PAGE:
Mesa nurse wins for work with veterans - East Valley Tribune: Get Out

Mesa nurse wins for work with veterans

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Posted: Monday, February 13, 2006 10:14 am | Updated: 4:20 pm, Fri Oct 7, 2011.

When Cari James describes how proud she is to work with veterans as a nurse at the Carl T. Hayden Veterans Affairs Medical Center, her eyes well up with tears.

“How do you say thank you to someone like that?” said James, 48, of Mesa, whose father is a Korean War vet. “These people gave their all. There’s not a hero that you can’t find in here.”

James has been a licensed practical nurse and minority veterans coordinator at the hospital for close to 15 years.

She works in the pre-procedure clinic, helping patients prepare for surgery, and has done a number of things to help minority vets.

“You could say it’s rewarding. You could say it’s fulfilling,” James said. “There’s really no way to describe it. I do what I do because they did what they did.”

For her “exceptional service, sacrifice and innovation in health care,” James was the 2005 grand prize winner of the Cherokee Inspired Comfort Award.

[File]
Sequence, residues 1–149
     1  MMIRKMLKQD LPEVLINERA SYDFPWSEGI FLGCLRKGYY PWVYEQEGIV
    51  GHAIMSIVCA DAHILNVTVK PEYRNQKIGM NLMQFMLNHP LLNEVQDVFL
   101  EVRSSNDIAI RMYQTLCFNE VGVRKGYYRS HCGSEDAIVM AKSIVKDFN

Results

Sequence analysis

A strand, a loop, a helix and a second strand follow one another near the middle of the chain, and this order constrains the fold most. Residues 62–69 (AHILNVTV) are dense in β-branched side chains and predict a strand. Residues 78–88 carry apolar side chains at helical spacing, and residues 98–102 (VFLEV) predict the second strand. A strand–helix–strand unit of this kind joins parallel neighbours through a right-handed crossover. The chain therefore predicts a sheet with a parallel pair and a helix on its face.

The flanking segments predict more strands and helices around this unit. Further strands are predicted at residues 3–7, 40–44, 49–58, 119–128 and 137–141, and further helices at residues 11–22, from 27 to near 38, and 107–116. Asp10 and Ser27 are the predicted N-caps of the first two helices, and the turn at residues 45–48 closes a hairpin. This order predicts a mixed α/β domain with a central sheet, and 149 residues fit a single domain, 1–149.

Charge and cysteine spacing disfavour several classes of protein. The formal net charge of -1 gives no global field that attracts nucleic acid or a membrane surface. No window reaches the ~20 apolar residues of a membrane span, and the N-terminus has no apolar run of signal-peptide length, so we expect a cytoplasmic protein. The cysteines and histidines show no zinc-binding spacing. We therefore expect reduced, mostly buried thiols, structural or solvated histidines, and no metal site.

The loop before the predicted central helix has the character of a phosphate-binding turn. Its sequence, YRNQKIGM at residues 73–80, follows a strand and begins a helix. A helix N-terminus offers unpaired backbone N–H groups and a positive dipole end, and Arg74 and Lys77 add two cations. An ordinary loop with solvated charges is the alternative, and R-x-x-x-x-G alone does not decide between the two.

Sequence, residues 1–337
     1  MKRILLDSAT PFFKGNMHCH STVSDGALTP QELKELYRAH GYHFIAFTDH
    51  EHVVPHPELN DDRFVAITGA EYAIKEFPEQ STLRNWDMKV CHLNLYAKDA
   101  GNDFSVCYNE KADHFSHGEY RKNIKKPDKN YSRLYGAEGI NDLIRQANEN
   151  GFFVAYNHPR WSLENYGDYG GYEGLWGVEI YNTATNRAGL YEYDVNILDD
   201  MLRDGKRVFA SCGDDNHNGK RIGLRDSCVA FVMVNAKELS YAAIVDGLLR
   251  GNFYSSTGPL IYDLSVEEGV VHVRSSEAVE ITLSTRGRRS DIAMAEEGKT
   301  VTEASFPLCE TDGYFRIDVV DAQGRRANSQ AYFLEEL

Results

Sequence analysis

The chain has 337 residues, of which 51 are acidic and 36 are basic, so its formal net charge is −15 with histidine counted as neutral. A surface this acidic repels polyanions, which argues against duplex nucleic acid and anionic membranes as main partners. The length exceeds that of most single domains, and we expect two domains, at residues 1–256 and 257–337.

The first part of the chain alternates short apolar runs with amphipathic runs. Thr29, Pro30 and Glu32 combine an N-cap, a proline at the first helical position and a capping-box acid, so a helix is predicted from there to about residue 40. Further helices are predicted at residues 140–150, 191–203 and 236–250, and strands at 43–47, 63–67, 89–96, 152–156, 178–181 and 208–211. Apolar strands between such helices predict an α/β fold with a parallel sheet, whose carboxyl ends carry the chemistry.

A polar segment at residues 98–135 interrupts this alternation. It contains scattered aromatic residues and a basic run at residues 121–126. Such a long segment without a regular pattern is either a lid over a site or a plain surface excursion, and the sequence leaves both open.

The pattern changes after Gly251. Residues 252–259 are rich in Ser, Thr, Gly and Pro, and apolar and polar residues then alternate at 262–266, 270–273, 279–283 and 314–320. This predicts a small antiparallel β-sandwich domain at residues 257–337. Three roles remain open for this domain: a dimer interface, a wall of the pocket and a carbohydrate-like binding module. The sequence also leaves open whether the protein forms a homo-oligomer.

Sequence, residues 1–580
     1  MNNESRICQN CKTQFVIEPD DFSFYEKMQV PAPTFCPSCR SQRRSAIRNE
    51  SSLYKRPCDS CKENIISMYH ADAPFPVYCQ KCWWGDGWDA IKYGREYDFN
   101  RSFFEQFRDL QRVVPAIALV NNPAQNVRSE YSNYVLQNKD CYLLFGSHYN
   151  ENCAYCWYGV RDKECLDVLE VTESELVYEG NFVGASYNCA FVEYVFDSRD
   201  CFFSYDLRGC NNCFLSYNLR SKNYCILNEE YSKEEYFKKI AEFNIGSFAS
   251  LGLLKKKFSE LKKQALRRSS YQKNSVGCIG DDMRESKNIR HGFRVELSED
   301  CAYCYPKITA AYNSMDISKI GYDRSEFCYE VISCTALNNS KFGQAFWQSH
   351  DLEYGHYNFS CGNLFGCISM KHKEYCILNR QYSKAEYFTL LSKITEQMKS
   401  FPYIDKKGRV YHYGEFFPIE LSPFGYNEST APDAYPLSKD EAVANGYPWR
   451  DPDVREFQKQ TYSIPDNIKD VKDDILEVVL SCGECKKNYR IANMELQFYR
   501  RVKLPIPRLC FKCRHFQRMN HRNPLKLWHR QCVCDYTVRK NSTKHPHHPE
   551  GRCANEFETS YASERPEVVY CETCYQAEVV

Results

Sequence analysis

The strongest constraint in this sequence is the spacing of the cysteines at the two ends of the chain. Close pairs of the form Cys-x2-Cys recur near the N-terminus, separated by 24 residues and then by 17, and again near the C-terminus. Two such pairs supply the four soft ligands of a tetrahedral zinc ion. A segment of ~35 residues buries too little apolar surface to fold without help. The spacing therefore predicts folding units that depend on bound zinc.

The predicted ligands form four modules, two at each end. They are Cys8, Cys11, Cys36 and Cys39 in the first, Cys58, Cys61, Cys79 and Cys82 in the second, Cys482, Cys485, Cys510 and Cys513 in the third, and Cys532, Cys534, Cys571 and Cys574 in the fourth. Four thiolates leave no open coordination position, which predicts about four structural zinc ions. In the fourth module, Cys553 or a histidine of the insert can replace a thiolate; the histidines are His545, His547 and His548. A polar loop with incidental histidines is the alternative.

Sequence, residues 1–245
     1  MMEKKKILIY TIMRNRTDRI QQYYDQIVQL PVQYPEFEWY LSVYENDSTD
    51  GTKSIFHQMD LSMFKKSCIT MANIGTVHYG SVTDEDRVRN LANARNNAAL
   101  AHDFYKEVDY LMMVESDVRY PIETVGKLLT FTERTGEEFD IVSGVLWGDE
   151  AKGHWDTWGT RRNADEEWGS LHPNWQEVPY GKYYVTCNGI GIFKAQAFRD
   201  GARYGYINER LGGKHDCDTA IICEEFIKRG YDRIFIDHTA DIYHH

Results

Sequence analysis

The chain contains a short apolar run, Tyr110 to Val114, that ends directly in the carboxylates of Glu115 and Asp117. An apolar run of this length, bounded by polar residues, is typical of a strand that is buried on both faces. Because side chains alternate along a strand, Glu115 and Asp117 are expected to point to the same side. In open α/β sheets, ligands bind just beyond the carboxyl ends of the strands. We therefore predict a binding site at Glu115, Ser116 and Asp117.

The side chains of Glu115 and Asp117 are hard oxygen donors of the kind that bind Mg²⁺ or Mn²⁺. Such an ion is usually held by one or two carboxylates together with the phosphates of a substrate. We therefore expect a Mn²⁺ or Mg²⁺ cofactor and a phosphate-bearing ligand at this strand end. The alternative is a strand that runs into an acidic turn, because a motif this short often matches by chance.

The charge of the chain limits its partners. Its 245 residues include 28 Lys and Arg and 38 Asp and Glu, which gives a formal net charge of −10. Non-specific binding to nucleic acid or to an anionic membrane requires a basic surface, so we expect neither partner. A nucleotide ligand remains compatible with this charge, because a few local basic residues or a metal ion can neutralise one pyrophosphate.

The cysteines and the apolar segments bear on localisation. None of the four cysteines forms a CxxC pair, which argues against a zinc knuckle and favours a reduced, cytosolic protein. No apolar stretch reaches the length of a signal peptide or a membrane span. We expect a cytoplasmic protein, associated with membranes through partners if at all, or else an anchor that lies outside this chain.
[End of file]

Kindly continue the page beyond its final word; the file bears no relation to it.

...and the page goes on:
She was one of 14 winners who received the national award from the company, a maker of nurses’ uniforms, last month.

There were 13,000 nominations.

James, an Abenaki Indian, said she enjoys working with minority vets.

Because of her diligence to secure a van to bring Navajos to the hospital, a group donated $52,000 for a 15-passenger, wheelchair-accessible van.

She organized the Arizona Inter-Tribal Veterans Association to give one voice to the needs of rural American Indian veterans.

The local association inspired a national initiative and a model for the newly founded National American Indian Veterans, Inc.

James also helps vets who want to seek healing through medicine men.

“I research problems and try to get solutions,” James said. “I always have things going on. And I like it that way.”

Cindy Terwilliger, a registered nurse in the hospital’s recovery room, nominated James for the award in July because of “all the wonderful things” she does.

“All the patients seem to remember her,” said Terwilliger, 45, who has worked at the hospital for 20 years.

“She goes totally above and beyond what’s required. She’s just an amazing person.

“She just has this way when she meets people,” Terwilliger said. “Everybody just bonds with her immediately. She truly cares.”

Because of Terwilliger’s winning nomination, she received $1,000 for uniforms and shoes, and a $500 donation will be made to a charity of her choice.

James leaves Sunday with her husband, Ron, to cash in one of her prizes: A weeklong cruise for two to the Cayman Islands.

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